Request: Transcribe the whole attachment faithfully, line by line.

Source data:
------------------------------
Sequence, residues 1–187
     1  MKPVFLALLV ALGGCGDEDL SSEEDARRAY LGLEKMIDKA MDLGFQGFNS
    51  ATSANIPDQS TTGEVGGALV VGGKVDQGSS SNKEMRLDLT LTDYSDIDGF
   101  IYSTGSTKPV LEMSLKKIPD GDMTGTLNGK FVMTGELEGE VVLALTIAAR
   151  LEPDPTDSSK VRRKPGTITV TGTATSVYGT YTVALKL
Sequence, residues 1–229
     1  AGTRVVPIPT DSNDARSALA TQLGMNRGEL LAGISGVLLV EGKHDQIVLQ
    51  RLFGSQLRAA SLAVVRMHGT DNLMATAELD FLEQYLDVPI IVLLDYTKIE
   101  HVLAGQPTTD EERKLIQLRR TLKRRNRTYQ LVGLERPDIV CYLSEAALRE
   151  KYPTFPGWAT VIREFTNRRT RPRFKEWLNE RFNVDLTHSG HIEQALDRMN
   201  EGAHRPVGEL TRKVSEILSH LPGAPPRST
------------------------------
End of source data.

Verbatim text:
Sequence, residues 1–187
     1  MKPVFLALLV ALGGCGDEDL SSEEDARRAY LGLEKMIDKA MDLGFQGFNS
    51  ATSANIPDQS TTGEVGGALV VGGKVDQGSS SNKEMRLDLT LTDYSDIDGF
   101  IYSTGSTKPV LEMSLKKIPD GDMTGTLNGK FVMTGELEGE VVLALTIAAR
   151  LEPDPTDSSK VRRKPGTITV TGTATSVYGT YTVALKL
Sequence, residues 1–229
     1  AGTRVVPIPT DSNDARSALA TQLGMNRGEL LAGISGVLLV EGKHDQIVLQ
    51  RLFGSQLRAA SLAVVRMHGT DNLMATAELD FLEQYLDVPI IVLLDYTKIE
   101  HVLAGQPTTD EERKLIQLRR TLKRRNRTYQ LVGLERPDIV CYLSEAALRE
   151  KYPTFPGWAT VIREFTNRRT RPRFKEWLNE RFNVDLTHSG HIEQALDRMN
   201  EGAHRPVGEL TRKVSEILSH LPGAPPRST